Since its inception in 1999, Adagio Teas has filled the cups of its ever-growing customer base with farm-fresh gourmet teas harvested from across the globe. Seasoned sippers and new tea drinkers alike gather around the fragrant vapors of Adagio's expansive selection, which includes thousands of unique green, chai, and herbal teas. In addition to its stockpile of potables, Adagio Teas puts an innovative spin on tea ware with a varied collection of ceramic sets, Asian-inspired pots, and electric kettles that purr when plugged in or tickled gently with unused leaves. Adagio Teas' products fill the virtual shelves of its online store, and can also be found in many gourmet and health-food shops.
The result of a variety of visits to Italy by two childhood friends sharing an intense love of coffee, Blanell Coffee was brewed on a hotplate of passion to deliver American audiences fine Italian coffees and accessories. The distributor dispenses coffees from brands such as Lucaffe, Pellini, Passalacqua, and New York Caffe. These brands cater to coffee connoisseurs that prefer espresso pods, pre-ground batches, grinding their own beans with their shaking teeth. To brighten drinks with flavors such as passion fruit, almond, and amaretto, Blanell Coffee also purveys syrups from Monin—a century-old French company.
When faced with lemons—or many other fruits—the proprietors of Oh, Olive! don't contemplate lemonade. Instead, they envision freshly pressed batches of extra-virgin olive oil, such as their tangy Eureka-lemon variant. The family-run shops specialize in this flexible condiment and stock their shelves with estate-produced Delizia oils. Their catalog covers both plain and fused types with flavors that range from the spicy notes of chipotle peppers to the sweetness of blood oranges, a fitting complement to cuts of chicken and fish. They also vend balsamic vinegars from Modena, Italy. Fruits feature heavily in the imported collection, which includes pomegranate, blackberry-ginger, and cinnamon-pear vinegars in addition to a dark-chocolate infusion and the 18-year balsamic—a traditional vinegar aged in oak barrels and given a high-school diploma.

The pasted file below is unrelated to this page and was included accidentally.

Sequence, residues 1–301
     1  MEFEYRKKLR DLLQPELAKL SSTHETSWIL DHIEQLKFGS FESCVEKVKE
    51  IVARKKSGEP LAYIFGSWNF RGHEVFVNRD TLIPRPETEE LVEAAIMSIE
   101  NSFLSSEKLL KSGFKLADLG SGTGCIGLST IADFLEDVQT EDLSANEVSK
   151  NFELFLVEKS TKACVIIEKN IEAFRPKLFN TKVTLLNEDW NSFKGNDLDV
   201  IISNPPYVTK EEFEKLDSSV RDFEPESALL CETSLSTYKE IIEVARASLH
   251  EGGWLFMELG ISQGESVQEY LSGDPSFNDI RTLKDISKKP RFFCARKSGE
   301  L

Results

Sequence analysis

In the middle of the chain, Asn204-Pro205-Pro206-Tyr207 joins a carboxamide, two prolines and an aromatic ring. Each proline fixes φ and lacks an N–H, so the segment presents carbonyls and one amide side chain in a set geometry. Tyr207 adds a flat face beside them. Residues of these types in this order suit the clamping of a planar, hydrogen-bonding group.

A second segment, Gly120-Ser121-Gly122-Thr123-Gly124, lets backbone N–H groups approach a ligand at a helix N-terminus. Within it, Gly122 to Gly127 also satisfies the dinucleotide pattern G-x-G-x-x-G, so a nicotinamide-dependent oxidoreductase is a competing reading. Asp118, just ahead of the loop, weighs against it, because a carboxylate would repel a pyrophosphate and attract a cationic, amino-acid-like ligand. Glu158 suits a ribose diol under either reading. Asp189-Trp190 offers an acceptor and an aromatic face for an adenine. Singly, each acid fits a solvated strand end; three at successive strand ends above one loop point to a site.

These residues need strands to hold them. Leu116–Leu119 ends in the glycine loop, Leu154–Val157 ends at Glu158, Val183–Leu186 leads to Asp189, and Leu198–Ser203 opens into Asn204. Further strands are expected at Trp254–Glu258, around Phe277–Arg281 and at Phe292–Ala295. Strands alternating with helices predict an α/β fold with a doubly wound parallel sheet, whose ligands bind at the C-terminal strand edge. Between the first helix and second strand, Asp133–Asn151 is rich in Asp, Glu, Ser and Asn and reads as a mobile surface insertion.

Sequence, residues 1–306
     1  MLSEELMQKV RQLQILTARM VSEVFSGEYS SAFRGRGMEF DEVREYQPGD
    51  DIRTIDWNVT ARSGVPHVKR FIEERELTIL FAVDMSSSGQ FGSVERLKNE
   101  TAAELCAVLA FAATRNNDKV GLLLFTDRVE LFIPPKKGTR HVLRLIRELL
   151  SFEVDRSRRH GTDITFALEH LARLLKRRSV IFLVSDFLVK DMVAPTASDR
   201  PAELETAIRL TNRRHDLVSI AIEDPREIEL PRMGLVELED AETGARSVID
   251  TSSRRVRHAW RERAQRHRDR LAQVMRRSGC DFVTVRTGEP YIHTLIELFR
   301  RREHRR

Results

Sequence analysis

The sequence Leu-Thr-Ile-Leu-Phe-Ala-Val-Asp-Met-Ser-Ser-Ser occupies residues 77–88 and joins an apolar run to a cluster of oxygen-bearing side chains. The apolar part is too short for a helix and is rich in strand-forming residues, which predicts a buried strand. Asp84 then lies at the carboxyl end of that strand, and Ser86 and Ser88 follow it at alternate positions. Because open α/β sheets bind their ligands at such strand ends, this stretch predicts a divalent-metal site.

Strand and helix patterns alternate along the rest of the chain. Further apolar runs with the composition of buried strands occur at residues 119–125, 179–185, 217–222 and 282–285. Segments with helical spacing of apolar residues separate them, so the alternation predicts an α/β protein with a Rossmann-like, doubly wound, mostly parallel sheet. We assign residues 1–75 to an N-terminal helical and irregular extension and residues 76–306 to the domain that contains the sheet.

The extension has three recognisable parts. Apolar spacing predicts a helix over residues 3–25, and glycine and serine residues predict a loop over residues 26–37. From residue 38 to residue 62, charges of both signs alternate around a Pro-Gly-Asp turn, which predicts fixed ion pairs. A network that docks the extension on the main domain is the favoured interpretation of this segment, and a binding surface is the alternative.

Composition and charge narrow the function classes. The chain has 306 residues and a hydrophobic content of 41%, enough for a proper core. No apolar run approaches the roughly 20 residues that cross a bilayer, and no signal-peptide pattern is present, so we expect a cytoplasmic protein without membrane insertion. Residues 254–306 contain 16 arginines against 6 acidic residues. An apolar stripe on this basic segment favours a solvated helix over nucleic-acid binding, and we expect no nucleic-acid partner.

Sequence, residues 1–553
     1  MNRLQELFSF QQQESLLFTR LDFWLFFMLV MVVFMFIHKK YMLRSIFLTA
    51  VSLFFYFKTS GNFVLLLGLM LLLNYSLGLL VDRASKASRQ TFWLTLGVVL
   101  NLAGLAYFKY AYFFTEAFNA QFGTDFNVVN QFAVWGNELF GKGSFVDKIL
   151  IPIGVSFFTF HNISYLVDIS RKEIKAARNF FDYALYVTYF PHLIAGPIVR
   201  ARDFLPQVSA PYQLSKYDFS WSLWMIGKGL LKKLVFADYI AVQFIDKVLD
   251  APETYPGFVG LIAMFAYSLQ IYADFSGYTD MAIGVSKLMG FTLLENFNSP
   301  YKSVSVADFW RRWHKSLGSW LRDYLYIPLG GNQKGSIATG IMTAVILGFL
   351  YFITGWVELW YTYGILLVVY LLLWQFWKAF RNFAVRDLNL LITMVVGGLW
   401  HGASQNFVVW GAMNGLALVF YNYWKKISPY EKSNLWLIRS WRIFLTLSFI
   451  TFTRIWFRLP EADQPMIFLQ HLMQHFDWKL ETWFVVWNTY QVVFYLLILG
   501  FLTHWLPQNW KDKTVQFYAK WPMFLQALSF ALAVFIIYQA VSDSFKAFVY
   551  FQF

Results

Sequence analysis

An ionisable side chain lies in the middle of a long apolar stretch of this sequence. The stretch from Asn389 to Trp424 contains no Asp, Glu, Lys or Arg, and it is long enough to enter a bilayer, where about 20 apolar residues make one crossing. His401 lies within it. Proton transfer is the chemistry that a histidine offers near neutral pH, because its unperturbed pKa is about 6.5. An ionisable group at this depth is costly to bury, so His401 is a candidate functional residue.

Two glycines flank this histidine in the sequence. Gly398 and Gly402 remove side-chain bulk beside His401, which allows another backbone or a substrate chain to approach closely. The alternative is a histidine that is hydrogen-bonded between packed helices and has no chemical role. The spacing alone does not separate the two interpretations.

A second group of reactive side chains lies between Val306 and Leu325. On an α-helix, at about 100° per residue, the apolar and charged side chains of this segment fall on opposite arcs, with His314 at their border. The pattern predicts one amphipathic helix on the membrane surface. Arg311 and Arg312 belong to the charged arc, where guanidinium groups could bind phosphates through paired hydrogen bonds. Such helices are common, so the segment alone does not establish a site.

Often, the staff members don't separate the acts of purchasing and cooking with their wares. They prefer to interact with customers and host tastings, classes, and contests to encourage innovative recipes. Amid more than 60 kinds of oil and vinegar, Oh, Olive! sells meal add-ons as well. Tiesta Tea produces soothing, toasty brews, and stuffed olives contain hidden servings of jalapeños, sharp cheddar, and asparagus.
At Go Chicago Golf, group and private indoor lessons are available year-round so students can hone their craft even in winter's foulest depths. Players take most of their lessons in front of a projection screen that simulates a sunny day out on the links. They can play their choice of 9 or 18 holes on a 100- or 300-yard practice course, or, if they fear spending another 20 years trapped in an arcade game, practice on the learning center's nonvirtual targets. Students can also use an onsite video-analysis room to objectively check their swings and postures.
In the city, coffee shops tend to thrive so much that guests often have to circle the seating area like airplanes until a seat opens up. Coffee Planet tries to bring the appeal of city cafes to its family-owned suburban location in Rolling Meadows, which features a fireplace, couches, and board games, but without the seating backlog. Even the name of its beans smack of urbanity: Metropolis Coffees get brewed in the traditional manner or poured over into cups, dripping slowly into a hot mug and thawing the palate after a stressful morning or a snowcone binge. The coffee comes in a variety of options, including a Guatemalan and Honduran mix. But the baristas can appeal to other tastes, too, by brewing Rishi Teas or hand-crafting espressos.